A class action alleges Google breaks its promises to never sell users’ personal information to third parties and to allow individuals to decide how their information is used “billions of times every day."
A sweeping proposed class action alleges Google breaks its promises to never sell users’ personal information to third parties and to allow individuals to decide how their information is used “billions of times every day” by way of its real-time bidding system for advertisements.
The 118-page lawsuit aims to hold Google accountable for allegedly selling and sharing personal consumer information with “thousands of entities, ranging from advertisers to publishers to hedge funds to political campaigns and even to the government” without disclosing to users that it does so.
Google operates the world’s largest real-time bidding auctions for which hundreds of participants receive sensitive user information about the potential receipt of an ad, the suit begins. This information can include device identifiers and cookies, location data, IP addresses and unique demographic and biometric information such as age and gender, the suit says.
According to the case, “[h]undreds of potential bidders receive this information even though only one—the auction winner—will use it to deliver an advertisement.” The lawsuit, citing regulators’ descriptions of Google’s ad-bidding process, relays that “[f]ew Americans realize that companies are siphoning off and storing that ‘bidstream’ data” to put together “exhaustive dossiers” about them, profiles that include web browsing, location and other data that’s sold to third parties.
At issue are who the complaint refers to as “surveillance participants” in Google’s ad-bidding process, parties who have no interest in filling ad space but who partake in Google’s real-time bidding for the sole purpose of gaining access to consumers’ bidstream data.
“Even though they do not bid, the Surveillance Participants’ presence drives interest and encourages competitive bids, which increases the reach and profitability of Google [real-time bidding],” the lawsuit says, noting that the bidding process “takes place in fewer than 100 milliseconds, faster than the blink of an eye.”
Google, who the suit describes as “a consumer data powerhouse unmatched in human history,” surreptitiously observes, collects and analyzes real-time information about everyone who engages with the company’s array of platforms, which include the Chrome web browser, Google.com search engine, Gmail email service, YouTube, Maps and a variety of cloud storage, calendars, fitness and video conferencing platforms, among other products, according to the lawsuit.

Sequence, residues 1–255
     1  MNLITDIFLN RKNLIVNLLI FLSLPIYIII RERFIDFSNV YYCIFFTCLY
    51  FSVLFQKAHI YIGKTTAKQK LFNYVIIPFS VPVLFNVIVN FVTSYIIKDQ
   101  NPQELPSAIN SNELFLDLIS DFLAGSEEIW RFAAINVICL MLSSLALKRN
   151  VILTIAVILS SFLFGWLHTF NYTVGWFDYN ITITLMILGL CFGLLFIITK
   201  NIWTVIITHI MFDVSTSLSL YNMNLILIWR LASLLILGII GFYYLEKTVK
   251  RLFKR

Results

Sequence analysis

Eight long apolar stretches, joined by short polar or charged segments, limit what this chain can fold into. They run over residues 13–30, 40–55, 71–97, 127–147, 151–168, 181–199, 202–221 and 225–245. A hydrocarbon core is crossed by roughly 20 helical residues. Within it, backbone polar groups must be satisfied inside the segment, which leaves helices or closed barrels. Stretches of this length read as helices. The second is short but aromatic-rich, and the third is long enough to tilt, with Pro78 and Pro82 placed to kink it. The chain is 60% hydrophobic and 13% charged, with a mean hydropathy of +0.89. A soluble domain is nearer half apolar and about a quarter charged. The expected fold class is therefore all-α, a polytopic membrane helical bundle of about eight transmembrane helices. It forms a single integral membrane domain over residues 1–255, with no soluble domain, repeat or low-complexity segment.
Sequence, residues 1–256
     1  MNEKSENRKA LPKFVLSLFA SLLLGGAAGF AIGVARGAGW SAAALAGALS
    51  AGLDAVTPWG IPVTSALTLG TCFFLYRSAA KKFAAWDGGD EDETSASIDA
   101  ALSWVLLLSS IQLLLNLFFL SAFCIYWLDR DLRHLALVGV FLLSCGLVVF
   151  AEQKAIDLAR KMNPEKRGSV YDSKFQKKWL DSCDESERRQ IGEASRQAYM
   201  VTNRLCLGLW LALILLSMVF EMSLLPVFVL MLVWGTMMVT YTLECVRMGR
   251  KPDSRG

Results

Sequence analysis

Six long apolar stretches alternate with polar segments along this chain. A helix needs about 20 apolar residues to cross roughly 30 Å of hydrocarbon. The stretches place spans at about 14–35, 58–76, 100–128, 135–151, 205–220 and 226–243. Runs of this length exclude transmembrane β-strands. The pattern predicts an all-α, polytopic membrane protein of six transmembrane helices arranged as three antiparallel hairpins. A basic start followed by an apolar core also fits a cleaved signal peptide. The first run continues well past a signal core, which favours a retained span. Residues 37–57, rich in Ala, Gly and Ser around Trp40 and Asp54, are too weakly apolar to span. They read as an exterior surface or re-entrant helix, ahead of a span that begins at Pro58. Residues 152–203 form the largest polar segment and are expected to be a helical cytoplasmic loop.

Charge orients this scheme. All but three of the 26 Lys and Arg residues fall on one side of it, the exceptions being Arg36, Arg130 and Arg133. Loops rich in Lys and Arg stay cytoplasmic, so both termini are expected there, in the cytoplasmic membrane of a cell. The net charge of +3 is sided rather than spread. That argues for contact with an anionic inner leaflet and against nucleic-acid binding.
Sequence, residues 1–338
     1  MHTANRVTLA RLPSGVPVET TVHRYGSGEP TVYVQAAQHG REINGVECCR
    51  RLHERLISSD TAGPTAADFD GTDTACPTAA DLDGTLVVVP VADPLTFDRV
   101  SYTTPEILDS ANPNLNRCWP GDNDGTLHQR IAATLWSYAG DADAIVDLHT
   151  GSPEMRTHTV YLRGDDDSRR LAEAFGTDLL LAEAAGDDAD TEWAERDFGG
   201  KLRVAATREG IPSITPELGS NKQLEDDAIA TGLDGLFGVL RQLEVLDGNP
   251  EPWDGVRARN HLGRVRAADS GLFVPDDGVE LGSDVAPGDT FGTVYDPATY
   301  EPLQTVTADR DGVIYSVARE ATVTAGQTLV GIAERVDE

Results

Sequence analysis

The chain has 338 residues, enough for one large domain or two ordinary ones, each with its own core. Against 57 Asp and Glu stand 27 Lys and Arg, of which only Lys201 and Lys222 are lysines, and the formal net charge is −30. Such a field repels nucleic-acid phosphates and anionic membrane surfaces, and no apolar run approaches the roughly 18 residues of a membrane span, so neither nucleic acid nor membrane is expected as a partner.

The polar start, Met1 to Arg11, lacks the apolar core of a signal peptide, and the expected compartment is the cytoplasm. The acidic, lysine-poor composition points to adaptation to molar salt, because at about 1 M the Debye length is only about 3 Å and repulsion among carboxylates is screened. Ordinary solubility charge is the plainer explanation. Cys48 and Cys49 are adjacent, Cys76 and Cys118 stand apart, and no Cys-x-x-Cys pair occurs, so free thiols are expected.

The case argues that because transparency about Google’s data collection and sharing practices would lead to less user engagement on its platforms, which would in turn hamper its revenue derived from maximally targeted ads, Google “fails to make accurate, transparent disclosures about those practices to its account holders,” choosing instead to make promises it has no intention of keeping. From the lawsuit:
“Google does not honor these terms. Without telling its account holders, Google automatically and invisibly sells Bidstream Data about them to thousands of different participants on the Google RTB billions of times every day. The Bidstream Data that Google sells and discloses to thousands of Google RTB participants identifies individual account holders, their devices, and their locations; the specific content of their Internet communications; and even highly personal information about their race, religion, sexual orientation, and health.”
The suit goes on to claim that bidstream data, contrary to Google’s promises, is not anonymous and includes detailed identifying data on users that’s “packaged” into “narrowly drawn, targetable categories.” Google does not disclose to account holders that it creates and uses massive data sets to identify them specifically in ad auctions, and cannot “plausibly or credibly claim it has account holders’ consent for this use of their data and information,” the case charges.
“The breadth of Google’s privacy violations is staggering,” the lawsuit says.
The lawsuit looks to represent all United States residents with a Google account who’ve used the internet on or after Google began using real-time bidding “in a manner that disclosed Account Holders’ personal information.”
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